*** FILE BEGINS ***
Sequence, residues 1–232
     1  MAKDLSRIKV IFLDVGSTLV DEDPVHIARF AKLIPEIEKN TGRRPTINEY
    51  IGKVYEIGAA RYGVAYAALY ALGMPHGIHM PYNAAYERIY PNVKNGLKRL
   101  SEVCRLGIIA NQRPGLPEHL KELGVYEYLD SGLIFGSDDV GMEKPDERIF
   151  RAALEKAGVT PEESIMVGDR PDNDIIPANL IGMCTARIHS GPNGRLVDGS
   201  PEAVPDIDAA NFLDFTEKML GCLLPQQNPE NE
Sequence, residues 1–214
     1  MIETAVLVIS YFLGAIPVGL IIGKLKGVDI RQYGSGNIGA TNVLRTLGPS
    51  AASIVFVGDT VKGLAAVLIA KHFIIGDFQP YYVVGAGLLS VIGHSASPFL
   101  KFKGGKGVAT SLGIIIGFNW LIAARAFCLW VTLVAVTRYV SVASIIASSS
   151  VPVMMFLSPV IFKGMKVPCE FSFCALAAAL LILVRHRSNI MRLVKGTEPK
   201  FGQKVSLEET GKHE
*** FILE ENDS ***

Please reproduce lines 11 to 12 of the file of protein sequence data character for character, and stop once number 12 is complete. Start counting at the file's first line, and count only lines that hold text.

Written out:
   151  VPVMMFLSPV IFKGMKVPCE FSFCALAAAL LILVRHRSNI MRLVKGTEPK
   201  FGQKVSLEET GKHE